Which brings us to our current nanny. I posted a couple of months ago about the tremendous tolerance I have shown for her lies, some of which she has been caught in and some of which I have detected without letting her know. In most cases, I wouldn’t have had any objection to the truth; in almost all cases, I would have been willing to go along with it or work something out if she’d just asked. A few weeks ago, I discovered a lie that was particularly annoying. She took my car to the supermarket while Burrito and Tamale were napping to stock up our groceries, which she does several times a week. The market is about a mile away. She came back 2.5 hours later, long after they had woken up from their nap. She had a convoluted story about getting pulled over by a cop and having him lecture her about her driving for an hour. Even if that were true, it doesn’t explain the huge block of missing time. Because she’d taken so long, I couldn’t run an errand I’d scheduled to pick up my finished pottery, nor could I go to my office. That night, on the dashboard I found a parking meter slip from a town 20 minutes away — 5 minutes away from my pottery studio. If she had just asked me, I would have driven her and dropped her off to do whatever she was doing (more on what that was next week) while I did what I’d planned to do; an extra-long, with-my-compliments lunch hour. But she didn’t ask, so I sat around the house for 2 hours waiting for her to come back. But, the part that annoyed me the most: she didn’t even cover her tracks and remove the parking meter slip. She is never very detail-oriented, and it obviously slipped her mind to remove the incriminating evidence. If you’re going to lie, at least be good at it.

When do you lie? When do you tell hard truths? Why do you tell the truth — because you should, or because you aren’t good at lying (can’t remember, can’t be convincing, can’t cover your tracks…)?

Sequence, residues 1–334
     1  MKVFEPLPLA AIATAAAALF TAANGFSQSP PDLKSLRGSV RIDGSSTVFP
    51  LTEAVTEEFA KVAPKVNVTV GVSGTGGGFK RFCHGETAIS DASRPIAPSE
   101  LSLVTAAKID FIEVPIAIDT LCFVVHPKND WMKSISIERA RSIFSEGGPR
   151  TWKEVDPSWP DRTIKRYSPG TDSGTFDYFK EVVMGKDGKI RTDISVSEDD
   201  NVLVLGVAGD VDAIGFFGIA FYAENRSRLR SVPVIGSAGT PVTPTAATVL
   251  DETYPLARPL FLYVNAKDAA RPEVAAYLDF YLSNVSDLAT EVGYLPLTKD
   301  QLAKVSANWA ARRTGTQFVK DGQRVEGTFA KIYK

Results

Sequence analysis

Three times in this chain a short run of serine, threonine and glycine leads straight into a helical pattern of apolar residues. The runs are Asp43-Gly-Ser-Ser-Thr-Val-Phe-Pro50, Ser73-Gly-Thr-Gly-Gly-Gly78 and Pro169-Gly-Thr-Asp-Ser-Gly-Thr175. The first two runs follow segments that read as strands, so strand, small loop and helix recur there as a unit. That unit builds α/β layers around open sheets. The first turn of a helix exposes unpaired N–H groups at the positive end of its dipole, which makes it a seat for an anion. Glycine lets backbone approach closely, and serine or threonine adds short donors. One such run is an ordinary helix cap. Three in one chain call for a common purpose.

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14 Responses to “Thoughtful Thursday: Liar”

  1. celia Says:

    I have a learning disability, so I try never to lie because I can’t remember what I said. I try to always be honest with our son, when I was a nanny I was very honest with my little girl and it paid off in complete trust. I could tell her something would hurt but only a little and she would be fine with getting a splinter pulled or whatever. Once it bit me in the butt because her great grandma died and she asked me if I was going to die and I told her someday I would. Her parents told her they would never die for a long long time. She asked me again the next day and I asked her if I had ever lied to her. Then I told her we were not going to discuss it anymore. Which was hard for me, but she did grasp my point. Which was important to me, and I think also to her. The only other time I disagreed with her parents was when they told her only bad people went to jail. But it was my job to back them up, not undermine them so I just said nothing. I am pretty ambivalent about religion AND Santa. My Dad solved the Santa dilemma( he is completely irreligious) by saying that Santa was the part of everyone that found joy in giving to others. So I suppose I will say something along those lines. I am pretty sure it will be a moot point since my son is already very like his dad and will probably turn an analytical mind to both Santa and religion and dismiss both.